On Wednesday of last week, I gave Mediacom a call on the Social Media Phone. HOW?
By doing this, I posted on Twitter:
“Hey Mediacom, my web connection is on the fritz, can you guys please give me a call?”
Why did I post it to Twitter instead of just picking up my “real” phone? Well, a couple reasons:
I HATE being on hold. And anyone that’s EVER called Mediacom knows that’s their favorite game. And
Remember when customer support via email was first introduced? It was a harder transition that one might think, especially for larger companies. But with social media, some companies have already jumped in while others are just beginning to recognize that potential. In time, I it will become a standard practice.
There are major differences here, however. Adding email to the customer service mix was just another technology or mechanism by which companies could have private conversations with their customers. This is not the case with the Social Media Phone. These conversations (unless direct messaged or texted) are public, and that changes everything.
It also flips something else upside down: businesses now line up for customers instead of customers lining up for businesses. Rather than asking customers to do the searching, to find the businesses, to initiate contact, to get in line (or call center queues, etc.), it reverses everything and “puts the burden” on businesses to listen and respond to customers wherever they are.
This marketing reversal from “Supply -> Demand” to “Demand -> Supply” model was outlined quite thoroughly in a book I recently read. “How Companies Win,” by Rick Kash and David Calhoun. They explain that reversing the traditional train of thought from “I have this ‘stuff’ to sell, I need to find a market…” to “This market needs this ‘stuff,’ we poised to fulfill that…” has been perpetuated through social media channels.
Companies who choose to jump in early will benefit the most. Right now, this practice is remarkable. It gets noticed and gets talked about. It represents an opportunity to delight customers with remarkable service.
Meet your customers at their point of need.
Has your company picked up the Social Media Phone yet? Can you cite other instances where social media has enhanced / solved trying customer service issues?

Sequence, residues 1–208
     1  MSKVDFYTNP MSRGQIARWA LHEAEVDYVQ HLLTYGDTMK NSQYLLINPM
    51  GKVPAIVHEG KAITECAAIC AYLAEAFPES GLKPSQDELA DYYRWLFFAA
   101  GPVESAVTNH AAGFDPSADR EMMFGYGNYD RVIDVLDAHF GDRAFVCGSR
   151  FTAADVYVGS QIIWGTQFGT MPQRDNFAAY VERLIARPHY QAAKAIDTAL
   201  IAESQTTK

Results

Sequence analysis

Chime in. Let us know how you’re integrating the Social Media Phone into your marketing plans. Or better yet, pick up the Social Media Phone and ask us how!
Andrew B. Clark
The Brand Chef
CreateWOWmarketing, LLC has been honored with the opportunity to put on a branding seminar for Practical Farmers of Iowa on March 25th. The seminar will consist of a full day of events, starting with a keynote from Andrew B. Clark, The Brand Chef about TRUE Branding and how a TRUE brand can affect the marketing and sales in an Ag-Business environment. The participants will then break out into sessions based on the TRUE branding model and work together to discover the TRUTH, RELEVANCE, UNIQUENESS and ENGAGING aspects of their own agriculture-based businesses.
On March 18th, Andrew had the privilege to be interviewed on the KWMT Power Lunch program with Von Ketlesen. In this short lunchtime segment, The Brand Chef and Von discuss the seminar and the opportunities for the attendees in further detail.
For more information on the seminar, or if you would like to attend, please click here.
I had the honor of working with the marketing panel and producing media for Entrefest 2011 last week. We had some spectacular speakers and some break-out sessions on marketing, sales, technology, finances and management for entrepreneurs. But as always, there were some standout sessions.
Adam Steen’s (from 25 Connections) session on Networking was one that got a LOT of positive reactions. Below, thanks to Adam and the Entrefest crew, we’ have captured and re-posted the session!
(sorry for the typing and my loud laughter… I was right behind the camera and couldn’t resist being involved!)
Color me inspired.
His name is Matt Morgan. Unassuming, but as deep and spiritual as any man I’ve ever met. Matt and I met at the monthly #CIB (Central Iowa Bloggers) event a while back.
This is a great event where every first Friday of the month, bloggers, social media newbies and seasoned stud-bolts alike gather in conversation and coffee to share ideas and foster strength in our passion for blogging and social media. It’s a joyful and exciting morning (about 6 hours worth for some) and you’re guaranteed to see a handful of new faces along with the #SMCDSM standards every month.